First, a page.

Based upon the final confession of Adolf Eichmann, made before his execution in Israel as he accounts to Captain Avner Less, a young Israeli Police Officer, of his past as the architect of ... See full summary »
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Anneke von der Lippe,
Based upon the final confession of Adolf Eichmann, made before his execution in Israel as he accounts to Captain Avner Less, a young Israeli Police Officer, of his past as the architect of Hitler's plan for the final solution. Captured by intelligence operatives in Argentina, 15 years after World War II, Eichmann (Kretschmann), the World's most wanted man, must be broken down and the truth unveiled. As the world waits, two men must confront each other in a battle of wills- the result of which will change a nation forever. Written by
According to a British reporter on location, fellow cast members Troy Garity and Thomas Kretschmann were so upset with script revisions of the baby-in-office scene that Kretschmann promptly threw them in the trash, explaining, 'I'll just file this here for safekeeping.' The revisions were later dropped. See more »
(at around 1 min) In the scene where the minister leaves the room after telling Avner that his father had been sent to Auschwitz by Eichmann, a large contemporary map of Europe is visible on the wall. The maps contains the re-unified Germany, the successor states of the Soviet Union, the broken up former Yugoslavia, and the split Czech and Slovak Republics - which is the late 1990s status and not 1960/61. See more »
There's not enough!
Enough hard evidence that his lawyer can't chip away at in court, or get him extradited to Germany. There's no death penalty in Germany. Which is ironic.
See more »
EICHMANN is not an easy film to view: revisiting the atrocities of the Nazi Third Reich through the greasy, smooth, denying words of Adolf Eichmann is a nightmare, but a nightmare we must revisit periodically to remind us of just how heinous was that period of history. The film is set in 160 - 1962 and is based on transcripts obtained by the Israeli forces from the files of the concentration camps and Nazi regime, transcripts that document the words of Adolf Eichmann that lead to his final confession of his participation in the Third Reich atrocities as unveiled under the slow and insidious interview by Police Captain Avner Less.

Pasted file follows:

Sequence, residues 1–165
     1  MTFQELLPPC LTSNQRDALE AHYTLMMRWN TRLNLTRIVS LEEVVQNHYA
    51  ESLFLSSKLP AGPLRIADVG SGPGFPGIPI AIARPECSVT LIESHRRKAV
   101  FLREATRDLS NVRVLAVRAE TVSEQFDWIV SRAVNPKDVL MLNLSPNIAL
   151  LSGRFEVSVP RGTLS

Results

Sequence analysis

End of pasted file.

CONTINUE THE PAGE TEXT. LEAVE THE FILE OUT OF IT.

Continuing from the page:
The film opens after the 1960 capture of Eichmann from his home in Argentina, the country where he and his wife and four sons had been in hiding since the end of WW II. Adolf Eichmann (brilliantly portrayed by Thomas Kretschmann) had been the World's Most Wanted Man and his transport to Israel was met by jeering crowds. The Israeli Minister Tormer (Stephen Fry) elects police captain Avner Less (Troy Garity) to conduct the interview in what is supposed to be a top-secret assignment. But the news escapes and Avner's wife Vera (Franka Potente), suffering from polio of the spine, and the Avner children are marked as targets by the Israeli's who do not appreciate the duty of Avner Less's obligation to interrogate and gain a complete confession from Eichmann before he can be tried. The months that the interrogations take prove that the Israeli's believed in justice: the facts must be proved completely before the prisoner is tried for atrocities.
During the interrogation months Eichmann is shown in flashbacks to have been not only following the orders of Hitler, but being committed to the purification of the 'Aryan race'. What screenwriter Snoo Wilson and director Robert Young allow is for us to see the human weakness of Eichmann as portrayed By Kretschmann: he had mistresses, including one Austrian Jewess and a Hungarian Countess who urged him to complete the Final Solution, he coldly signed extermination orders 'because he had to follow Hitler's orders', yet he also was an apparently devoted father to his own sons. Equal time is given to allow the audience to see the interaction between the conflicted parties of the interrogation: Avner was convinced he must prove beyond a shadow of a doubt that the prisoner was indeed guilty of all of the crimes fro which he was accused. The interrogations become a battle of wills between the smarmy, oily, manipulative Eichmann and the personally distraught Avner. At the close of the film the real Avner E. Less provides voice over regarding the hanging of Eichmann along with statistics of the Nazi atrocities that no matter how often they are quoted continue to astonish our ability to comprehend.
The only artistic aspect of the film that is ultimately distracting is the director's choice to have cinematographer Michael Conner use near black and white/sepia toning for the film. Certain scenes break into real color but the tone of the film footage seems dirty - and perhaps that is the reason for the choice. Richard Harvey adds the musical score, and there are some very fine cameo roles by Delaine Yates, Tereza Srbova, and Judit Viktor. But in the end it is the performance by Thomas Kretschmann that is terrifyingly real: he deserves awards for his courage to accept this role and for his unforgettable impersonation of a man so evil that under other actor's skills would be simply unbelievable. It is Kretschmann's extraordinary performance that brings home the terror of his film.
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